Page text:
Then extinguish the twig the same as you would a match. (And just as you would with any match
be sure it is completely extinguished and cold before disposal.)
8.) Place your cook pot on the supports.
**Important** If your cook pot has an attached handle, be sure to line the handle up
with one of the support stand wires.
( **NOTE: Ground reflector and windscreen are separate accessories and are not included
with your stove.
All alcohol stoves need a windscreen in order operate properly. A heat reflector will also
increase efficiency. We recommend our Adjustable Windscreen and Heat Reflector Disc.
You may order them here:

The main thing to know about adjusting your stove is that you need to let it reach full operating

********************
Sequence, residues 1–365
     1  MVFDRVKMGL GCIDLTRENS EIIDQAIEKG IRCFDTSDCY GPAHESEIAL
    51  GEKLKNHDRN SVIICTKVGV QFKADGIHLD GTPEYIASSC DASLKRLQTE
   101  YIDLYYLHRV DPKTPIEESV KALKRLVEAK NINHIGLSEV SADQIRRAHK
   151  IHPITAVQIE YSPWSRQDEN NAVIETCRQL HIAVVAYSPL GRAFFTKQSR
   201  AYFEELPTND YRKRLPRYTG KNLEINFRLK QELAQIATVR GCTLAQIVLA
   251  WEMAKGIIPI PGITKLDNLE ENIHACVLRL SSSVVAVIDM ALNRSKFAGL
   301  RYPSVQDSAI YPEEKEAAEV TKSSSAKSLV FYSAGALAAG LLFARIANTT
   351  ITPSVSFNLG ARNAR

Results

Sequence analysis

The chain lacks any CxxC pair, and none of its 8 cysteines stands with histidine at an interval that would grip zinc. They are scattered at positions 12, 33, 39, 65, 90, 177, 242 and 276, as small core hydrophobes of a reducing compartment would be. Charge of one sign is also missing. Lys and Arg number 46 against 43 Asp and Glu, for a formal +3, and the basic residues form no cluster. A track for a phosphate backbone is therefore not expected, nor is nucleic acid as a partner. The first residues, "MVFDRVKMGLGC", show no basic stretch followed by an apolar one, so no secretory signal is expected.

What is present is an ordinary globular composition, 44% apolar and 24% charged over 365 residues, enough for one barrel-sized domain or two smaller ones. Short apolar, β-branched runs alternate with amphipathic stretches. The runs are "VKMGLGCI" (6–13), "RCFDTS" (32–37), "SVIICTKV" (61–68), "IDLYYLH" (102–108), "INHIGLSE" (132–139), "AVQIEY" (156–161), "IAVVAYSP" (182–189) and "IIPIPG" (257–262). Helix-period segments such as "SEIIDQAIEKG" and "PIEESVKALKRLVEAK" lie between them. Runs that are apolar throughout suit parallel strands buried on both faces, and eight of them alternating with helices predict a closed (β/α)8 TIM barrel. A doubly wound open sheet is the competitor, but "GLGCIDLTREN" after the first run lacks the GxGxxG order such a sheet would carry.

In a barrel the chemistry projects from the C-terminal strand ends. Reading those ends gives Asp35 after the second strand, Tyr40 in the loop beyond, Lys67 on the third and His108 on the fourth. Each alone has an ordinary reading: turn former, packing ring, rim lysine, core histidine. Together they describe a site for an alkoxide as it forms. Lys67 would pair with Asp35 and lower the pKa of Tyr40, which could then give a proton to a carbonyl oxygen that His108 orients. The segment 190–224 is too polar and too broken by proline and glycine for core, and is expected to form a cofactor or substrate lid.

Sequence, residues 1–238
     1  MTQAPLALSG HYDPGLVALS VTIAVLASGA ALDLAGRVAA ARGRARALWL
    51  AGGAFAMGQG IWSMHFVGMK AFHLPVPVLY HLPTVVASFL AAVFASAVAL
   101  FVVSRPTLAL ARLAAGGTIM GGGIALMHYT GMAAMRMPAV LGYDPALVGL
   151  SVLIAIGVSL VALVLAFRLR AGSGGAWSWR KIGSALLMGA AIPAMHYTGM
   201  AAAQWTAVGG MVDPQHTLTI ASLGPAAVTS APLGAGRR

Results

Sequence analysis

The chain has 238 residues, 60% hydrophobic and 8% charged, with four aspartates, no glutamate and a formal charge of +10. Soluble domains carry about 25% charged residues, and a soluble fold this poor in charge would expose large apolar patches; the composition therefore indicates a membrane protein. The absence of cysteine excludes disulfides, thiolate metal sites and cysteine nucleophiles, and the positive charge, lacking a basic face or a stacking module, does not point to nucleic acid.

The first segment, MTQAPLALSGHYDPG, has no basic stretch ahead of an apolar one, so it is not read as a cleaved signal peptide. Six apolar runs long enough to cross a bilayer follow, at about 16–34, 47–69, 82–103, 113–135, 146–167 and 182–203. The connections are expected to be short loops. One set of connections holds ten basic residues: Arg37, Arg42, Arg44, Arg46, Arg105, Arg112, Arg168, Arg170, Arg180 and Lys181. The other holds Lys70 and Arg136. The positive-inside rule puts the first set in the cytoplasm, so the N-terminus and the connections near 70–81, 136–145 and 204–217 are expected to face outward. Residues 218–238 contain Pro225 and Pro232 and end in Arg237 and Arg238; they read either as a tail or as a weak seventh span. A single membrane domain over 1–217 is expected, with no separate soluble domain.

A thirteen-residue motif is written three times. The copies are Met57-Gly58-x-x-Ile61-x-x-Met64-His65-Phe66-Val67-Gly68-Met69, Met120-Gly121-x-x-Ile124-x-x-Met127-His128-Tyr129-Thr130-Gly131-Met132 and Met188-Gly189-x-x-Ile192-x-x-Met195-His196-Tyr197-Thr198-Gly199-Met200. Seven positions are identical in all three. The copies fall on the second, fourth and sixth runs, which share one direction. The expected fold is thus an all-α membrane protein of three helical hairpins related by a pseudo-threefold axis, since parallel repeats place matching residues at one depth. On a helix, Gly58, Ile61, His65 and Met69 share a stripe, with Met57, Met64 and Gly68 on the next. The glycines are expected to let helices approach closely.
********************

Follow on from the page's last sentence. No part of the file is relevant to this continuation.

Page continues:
temperature BEFORE making any adjustments. This generally takes somewhere between 30 and
90 seconds depending on conditions. (Temperature, wind etc.)
A soon as your stove has reached full operating temperature you can leave it on full for a quick
boil, turn it down to a low simmer or anywhere in between. (The adjustment range is about 5 full
turns of the flame control knob.)
To reduce heat output simply turn the flame adjustment knob clockwise until the desired heat
output is achieved. (Don’t worry, the knob NEVER gets hot.) If you later decide you need more
heat then just turn the knob counter-clockwise.
Please note that we emphasize Heat Control. That’s because you‘re adjusting air flow NOT air
The first one or two turns downward will definitely lower the heat output even though the flame
size might not visibly seem to get much smaller. The most noticeable change in both heat out-put
and flame size will be from about 3 turns down to fully closed.
Also be aware that as you’re turning the stove down, the heat output will decrease almost
immediately even though it typically takes about 30 seconds for the flame size to fully decrease to
a given setting.